AllAboutMe (A Columbia Yacht)
As with so much in life, many of the experiences that I had hoped for in my twenties and thirties, had to be put aside, in order to raise a family, and earn a living.
The dreams just didn't fit in the space that was left. Then, in my middle forties, health issues seemed to bring any hope for early retirement to a screeching halt. So that now ,the dreams that had been put aside for later, had to be put back on the shelf,most likely to be left there, gathering dust, just like so many old copies of National Geographic.
Now, in my
late fifties, I am determined to take at least some of those dreams down off the shelf, dust them off, and focus on me.
So, from the dust of dreams, I present to you,
8.7 Metre Sloop
This wonderful Yacht was donated to a local Power boat squadron, and I just happened upon her after having spent the better part of the day looking at other sailboats that I had found listed on the internet. I had just eaten lunch, and was on the way to Stingray Point Marina in Deltaville to look at one last boat, probably a Hunter, when I saw the entrance to Deltaville Yacht Center.
On a whim, I pulled in and parked.Walking inside, I noticed the broker's listing sheet taped to the bulletin board. There were three boats that fell into my size and price range. Locating a broker, I explained what I was looking for, and grabbing several sets of keys, he led me to the boats.
The first two were both at the top end of my price range, the third a little under. None of them really appealed to me. The broker,at this point probably having decided I was just out kicking tires as it were,pointed to one last boat.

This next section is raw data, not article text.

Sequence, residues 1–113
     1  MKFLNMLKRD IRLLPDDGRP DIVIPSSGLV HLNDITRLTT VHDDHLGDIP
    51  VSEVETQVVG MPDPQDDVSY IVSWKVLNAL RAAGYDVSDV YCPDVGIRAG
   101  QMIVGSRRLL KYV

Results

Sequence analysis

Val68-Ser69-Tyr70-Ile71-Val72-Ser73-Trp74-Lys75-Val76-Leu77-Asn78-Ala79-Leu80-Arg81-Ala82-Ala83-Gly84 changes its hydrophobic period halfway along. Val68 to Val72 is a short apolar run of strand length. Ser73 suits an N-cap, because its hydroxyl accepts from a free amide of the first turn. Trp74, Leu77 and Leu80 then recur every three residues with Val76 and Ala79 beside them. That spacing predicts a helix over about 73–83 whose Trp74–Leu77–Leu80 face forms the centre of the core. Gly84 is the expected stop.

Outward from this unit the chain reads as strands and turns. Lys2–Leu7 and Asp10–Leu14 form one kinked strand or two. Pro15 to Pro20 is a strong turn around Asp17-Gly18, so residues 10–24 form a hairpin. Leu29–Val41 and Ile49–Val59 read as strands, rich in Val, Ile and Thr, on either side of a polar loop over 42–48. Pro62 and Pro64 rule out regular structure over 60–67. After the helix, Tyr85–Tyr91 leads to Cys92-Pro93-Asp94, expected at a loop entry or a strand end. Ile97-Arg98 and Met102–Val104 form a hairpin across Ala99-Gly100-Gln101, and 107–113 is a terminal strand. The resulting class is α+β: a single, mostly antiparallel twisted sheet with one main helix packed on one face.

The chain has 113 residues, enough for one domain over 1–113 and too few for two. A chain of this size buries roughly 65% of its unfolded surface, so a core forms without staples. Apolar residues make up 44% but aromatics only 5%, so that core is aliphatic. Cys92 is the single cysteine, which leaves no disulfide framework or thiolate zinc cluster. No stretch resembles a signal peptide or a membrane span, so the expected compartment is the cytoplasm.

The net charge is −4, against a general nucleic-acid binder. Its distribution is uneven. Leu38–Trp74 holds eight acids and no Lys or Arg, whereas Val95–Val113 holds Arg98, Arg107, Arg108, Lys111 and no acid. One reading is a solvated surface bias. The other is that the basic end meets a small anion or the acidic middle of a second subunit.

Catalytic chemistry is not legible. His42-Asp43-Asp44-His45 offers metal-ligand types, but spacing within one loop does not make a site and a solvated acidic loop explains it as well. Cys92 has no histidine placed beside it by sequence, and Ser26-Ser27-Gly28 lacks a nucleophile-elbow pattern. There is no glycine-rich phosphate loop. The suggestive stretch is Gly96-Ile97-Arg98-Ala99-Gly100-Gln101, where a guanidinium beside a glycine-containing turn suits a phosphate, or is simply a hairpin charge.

The only thing left, he said, that comes close to your price range, is this charity boat. It was donated and the owner here agreed to list it. It's not the sort of boat we generally deal with, and the folks want to sell it.
Not a striking boat by any means, but good lines , and the trade mark champagne glass transom, marking it as a Columbia. He laid up the ladder, I climbed aboard,glanced at the golden oak colored tiller, (everything else I'd seen that day had a wheel. I pulled out the hatch boards, climbed down into the cabin, and fell in love. It was full of mildewed cushions, and there were empty bottles of household cleaning products all over the counters, but it fit. I could stand up without hitting my head. The settees were long enough for me to stretch out full length, and the whole cabin was done in a dark mahogany colored teak.Only the overhead was white, and that was bare fibreglass finished with flat enamel. There was work to be done for sure. Without even looking hard, I saw rotting window facings, and all the wood needed refinishing, but it was me. A little too old, a little out of shape, and in need of a new friend.
I bought her the next day; For half the asking price, and only after we were able to start the engine.But I would have bought her anyway. She was the dream.